There’s been a lot of hype lately with regards to the newest FDA approved tattoo removal laser, Picosure. Its’ been seen on news publications across the country; states are happy to announce its arrival to one of their cities; and a quick Google search for “laser tattoo removal” will likely result in numerous listings devoted to the Picosure laser. So what’s all the fuss? Is it in fact the biggest breakthrough in laser tattoo removal in decades? Perhaps in some regards, but not to the extent the media hype would lead you to believe.
The biggest difference between the Picosure laser and the more widely used Q-switched lasers like our Astanza Trinity is the pulse-width (the amount of time the laser’s energy is applied with each pulse). A Q-switched laser has a pulse-width of 1 nanosecond. As its name would suggest, the Picosure has a pulse-width of 1 picosecond, one thousand times smaller than a nanosecond.
What does a shortened pulse-width mean for laser tattoo removal? In theory, a shorter pulse-width would mean less pain during treatment and less temporary tissue damage therefore a shorter healing time. After performing a Google search for “Picosure reviews” we found www.realself.com/picosure. There are some very detailed accounts including pictures chronicling patients’ journey through picosure treatments. Most of the pictures and descriptions of the healing process as well as many testimonials of the discomfort felt during treatment seem very closely related to what can be expected with treatment from our Astanza Trinity Laser.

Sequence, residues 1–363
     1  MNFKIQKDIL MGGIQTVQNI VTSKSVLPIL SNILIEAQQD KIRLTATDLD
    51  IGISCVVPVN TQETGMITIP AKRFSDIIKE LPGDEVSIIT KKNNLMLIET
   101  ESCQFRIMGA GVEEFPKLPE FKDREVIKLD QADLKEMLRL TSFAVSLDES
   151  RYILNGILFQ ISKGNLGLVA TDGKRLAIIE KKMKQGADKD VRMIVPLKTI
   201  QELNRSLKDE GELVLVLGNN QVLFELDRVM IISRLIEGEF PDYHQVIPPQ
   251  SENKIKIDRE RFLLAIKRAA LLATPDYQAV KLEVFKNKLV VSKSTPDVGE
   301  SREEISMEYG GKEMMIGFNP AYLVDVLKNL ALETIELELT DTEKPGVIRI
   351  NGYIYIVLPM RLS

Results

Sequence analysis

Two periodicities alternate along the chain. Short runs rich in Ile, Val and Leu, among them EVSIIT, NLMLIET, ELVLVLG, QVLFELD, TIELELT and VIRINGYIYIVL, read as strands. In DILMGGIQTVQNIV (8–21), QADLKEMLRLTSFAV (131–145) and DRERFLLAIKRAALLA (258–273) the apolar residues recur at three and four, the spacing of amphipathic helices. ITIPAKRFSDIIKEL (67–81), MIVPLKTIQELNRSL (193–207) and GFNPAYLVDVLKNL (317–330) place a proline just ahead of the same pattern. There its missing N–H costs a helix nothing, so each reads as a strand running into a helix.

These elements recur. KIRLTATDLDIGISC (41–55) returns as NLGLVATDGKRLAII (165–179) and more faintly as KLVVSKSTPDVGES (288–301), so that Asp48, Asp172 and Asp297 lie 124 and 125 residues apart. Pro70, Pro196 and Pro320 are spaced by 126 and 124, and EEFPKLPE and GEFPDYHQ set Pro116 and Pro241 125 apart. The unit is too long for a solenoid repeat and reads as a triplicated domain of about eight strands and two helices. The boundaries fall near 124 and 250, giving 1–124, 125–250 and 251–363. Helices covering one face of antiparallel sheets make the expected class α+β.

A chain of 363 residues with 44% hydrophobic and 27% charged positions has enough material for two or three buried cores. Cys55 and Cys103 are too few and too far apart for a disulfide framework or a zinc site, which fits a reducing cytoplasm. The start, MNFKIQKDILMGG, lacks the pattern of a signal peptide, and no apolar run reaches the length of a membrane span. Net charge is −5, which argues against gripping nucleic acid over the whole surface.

Picosure’s creators’ accounts of how effective their laser is at removing tattoos, leads many to believe that it can remove a tattoo in as few as one treatment and if not just one, certainly far less than a Q-switched laser. Further review of patients’ accounts of their treatments showed that multiple treatments were needed in many cases and unless the tattoo is full of blue, green, or purple inks, the Picosure is not the only laser used to treat the tattoo. Reds and yellows are especially resistant to the Picosure. This is because the Picosure laser only has one wavelength, 755nm (Alexandrite). Sadly not all colors will respond to the same wavelength. Black responds to most wavelengths so the Picosure does a pretty good job of fading black inks, but it is most effective against blues, greens, and purples. We’ll be upfront here: according to pictures posted by actual patients, blues, greens, and purples seem to respond to the Picosure better than our Q-switched 694nm (Ruby) wavelength as far as speed of color loss. If a patient has reds, yellows, and oranges in their tattoo the Picosure is not the right laser for them though. Another laser will need to be used to effectively fade those colors, and what will the proponents of the Picosure use instead? Yep, you guessed it, they’ll be forced to go right back to a Q-switched laser like the Astanza Trinity we use here at Vanish because for reds, yellows, and oranges you need a 532nm wavelength.
Here’s the clincher: with the cost of Picosure laser treatments nearly double the price of Q-switched laser treatments, is it really worth it to go with the Picosure? That is totally up to the consumer, however if given a choice, I’d lean towards going somewhere that could use one laser to deal with ALL the colors that need to come out. That just makes more sense. Upon looking at the long track record of efficacy and documented safety and results from the Q-switched Astanza laser, well…why re-invent the wheel? Go with what has been proven to work.